It was a hard day, the true Cornish Pasty is an elusive creature and only found west of the River Tamar in the Duchy of Cornwall. Those that know where to find the finest Pasty are often hesitant to divulge their knowledge and when asked will often just say “tiz best to find your own.” It is also a curious thing though how Cornish Folk can never really agree just what makes the best Pasty. Some like the flavour to be mild, others like a hint of pepper, whilst the arguments about whether it should be very juicy or more dry can often lead to insults being traded over a pint of cider! Don’t even mention how the crust should be after cooking. . . !

As to how to capture the elusive creature, well I won’t go into the sordid details, but lets just say that the more humane the despatch the better the flavour on the plate!

Here then is the evidence that yesterday’s hunt was completely successful and no I’m not telling you where we (shot) caught this one, as you can see though it looks like someone had two goes at it, judging by the wounds.P1050142
So there is our freshly cooked Cornish Pasty lying on the flag Of St Piran and the story above is of course, nonsense, but not so the humble, nay great, Cornish Pasty!

The traditional Cornish Pasty is a baked pastry which since 2011 has enjoyed Protected Geographical Indication status within the European Union. A real Cornish Pasty must only contain beef (normally skirt steak) sliced or diced potato, swede (which confusingly in Cornwall is called turnip, often pronounced “turmut”!) and onion, oh yes and salt and pepper. DSC_0149The filling is encased within pastry, folded over the filling then hand crimped along one edge forming a “D” shape. The crimp must not under any circumstances be along the top in a Cornish Pasty! The pasty should turn golden when baked and retain its distinctive shape hot or cold.DSC_0138

Where exactly the humble pasty first originated is open to much speculation, although its links with Cornwall are strong there is evidence that it may, just may, have first been baked in France, but we’ll leave that to history!

In Cornwall the pasty is associated with the strenuous lives of miners and fisherfolk, jobs that needed substantial food to keep you going. Tradition also tells us that a part sweet, part savoury pasty was often the norm in days gone by, the theory being that a meal of main course and sweet were contained in opposite ends of the one pastry case, very clever!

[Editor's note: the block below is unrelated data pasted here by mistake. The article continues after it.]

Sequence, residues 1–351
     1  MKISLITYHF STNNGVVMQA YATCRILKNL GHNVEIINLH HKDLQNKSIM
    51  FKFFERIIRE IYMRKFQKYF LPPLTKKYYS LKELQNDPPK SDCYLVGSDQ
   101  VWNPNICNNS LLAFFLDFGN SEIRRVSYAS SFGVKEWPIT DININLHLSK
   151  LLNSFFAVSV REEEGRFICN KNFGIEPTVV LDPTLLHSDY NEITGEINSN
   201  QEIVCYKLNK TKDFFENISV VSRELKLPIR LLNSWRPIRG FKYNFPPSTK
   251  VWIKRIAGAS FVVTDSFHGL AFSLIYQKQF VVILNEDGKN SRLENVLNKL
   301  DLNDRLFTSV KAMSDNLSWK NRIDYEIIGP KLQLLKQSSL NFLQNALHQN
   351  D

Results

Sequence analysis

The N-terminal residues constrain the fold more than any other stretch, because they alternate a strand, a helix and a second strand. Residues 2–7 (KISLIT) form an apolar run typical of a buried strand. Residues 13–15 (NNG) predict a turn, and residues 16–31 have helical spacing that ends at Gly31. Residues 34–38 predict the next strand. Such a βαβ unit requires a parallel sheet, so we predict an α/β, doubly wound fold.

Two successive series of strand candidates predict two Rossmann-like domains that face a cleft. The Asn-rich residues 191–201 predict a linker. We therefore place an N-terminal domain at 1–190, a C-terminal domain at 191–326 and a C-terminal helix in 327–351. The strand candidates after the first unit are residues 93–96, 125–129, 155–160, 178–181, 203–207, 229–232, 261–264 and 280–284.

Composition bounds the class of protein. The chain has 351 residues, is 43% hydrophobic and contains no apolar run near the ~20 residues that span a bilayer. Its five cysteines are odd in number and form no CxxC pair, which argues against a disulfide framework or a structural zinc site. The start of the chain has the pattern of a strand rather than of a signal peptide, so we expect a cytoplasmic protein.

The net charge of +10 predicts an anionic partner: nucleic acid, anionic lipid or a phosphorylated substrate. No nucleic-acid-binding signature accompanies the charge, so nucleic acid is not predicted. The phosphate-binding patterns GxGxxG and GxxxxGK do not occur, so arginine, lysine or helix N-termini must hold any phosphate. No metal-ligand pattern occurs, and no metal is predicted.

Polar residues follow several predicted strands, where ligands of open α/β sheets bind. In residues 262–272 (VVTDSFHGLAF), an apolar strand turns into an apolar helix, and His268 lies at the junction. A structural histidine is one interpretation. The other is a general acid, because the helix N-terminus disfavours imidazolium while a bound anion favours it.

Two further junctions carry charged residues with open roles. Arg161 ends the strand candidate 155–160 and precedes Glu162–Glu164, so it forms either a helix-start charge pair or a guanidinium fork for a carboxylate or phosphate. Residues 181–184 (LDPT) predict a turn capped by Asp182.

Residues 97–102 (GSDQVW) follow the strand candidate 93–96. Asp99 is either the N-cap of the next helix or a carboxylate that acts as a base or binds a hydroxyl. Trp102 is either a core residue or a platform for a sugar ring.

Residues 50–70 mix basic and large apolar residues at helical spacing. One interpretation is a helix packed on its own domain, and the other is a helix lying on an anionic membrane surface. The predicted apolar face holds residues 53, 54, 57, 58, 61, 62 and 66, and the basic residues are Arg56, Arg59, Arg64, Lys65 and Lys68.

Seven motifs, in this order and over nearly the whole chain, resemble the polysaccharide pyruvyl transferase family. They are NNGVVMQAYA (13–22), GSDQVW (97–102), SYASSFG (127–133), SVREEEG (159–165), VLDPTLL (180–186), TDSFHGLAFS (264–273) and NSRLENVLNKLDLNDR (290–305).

In the metal mines of Cornwall and Devon the miners were noted to eat their pasty whilst holding the crimped edge, which was then discarded, so to minimise the amount of poisonous minerals that would be ingested. Legend has it that the discarded pieces of crust were left for the “Knockers,” small spirit folk that created a tapping sound to warn of dangers such as an impending tunnel collapse.

Today the simple Cornish Pasty is big business. Locally often called an “Oggy” the simple pasty is looked on as Cornwall’s “National” dish and accounts for over 6% of the Cornish food economy. Pasty bakers in Cornwall do either very well or die. It’s no use making an O.K. pasty round these parts, there are plenty of shops selling absolutely fantastic ones and everyone has their favourite. I once had an office where in the radius of a ten minute walk there were five different shops each selling their own ‘made on the premises’ pasty; each one was subtly different, yet each one was equally superb!
My all time favourite? Well, I’m not going to name names, but it’s right at the other end of the county, 65 miles away on the quay in Hayle and it’s worth the ride down there any time!

Guess what I’m having for lunch today? Yes, you’ve got it, that wild Cornish Pasty that we caught last night!

Here’s to St Piran, who probably never ate one, and here’s to Cornwall and the Cornish Pasty!

“Oggy Oggy Oggy, Oi Oi Oi!”

Catch you all soon. 🙂


PS Yes I know there are also Pasties made all over the world nowadays and if you check it out, it was often Cornish miners who first imported them!